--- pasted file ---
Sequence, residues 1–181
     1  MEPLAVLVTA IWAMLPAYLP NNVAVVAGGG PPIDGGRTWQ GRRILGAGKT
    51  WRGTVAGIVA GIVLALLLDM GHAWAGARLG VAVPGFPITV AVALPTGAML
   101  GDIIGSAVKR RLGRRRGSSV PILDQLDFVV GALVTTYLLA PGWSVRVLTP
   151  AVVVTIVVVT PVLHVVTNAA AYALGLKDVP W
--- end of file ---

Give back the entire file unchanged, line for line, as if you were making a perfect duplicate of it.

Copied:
Sequence, residues 1–181
     1  MEPLAVLVTA IWAMLPAYLP NNVAVVAGGG PPIDGGRTWQ GRRILGAGKT
    51  WRGTVAGIVA GIVLALLLDM GHAWAGARLG VAVPGFPITV AVALPTGAML
   101  GDIIGSAVKR RLGRRRGSSV PILDQLDFVV GALVTTYLLA PGWSVRVLTP
   151  AVVVTIVVVT PVLHVVTNAA AYALGLKDVP W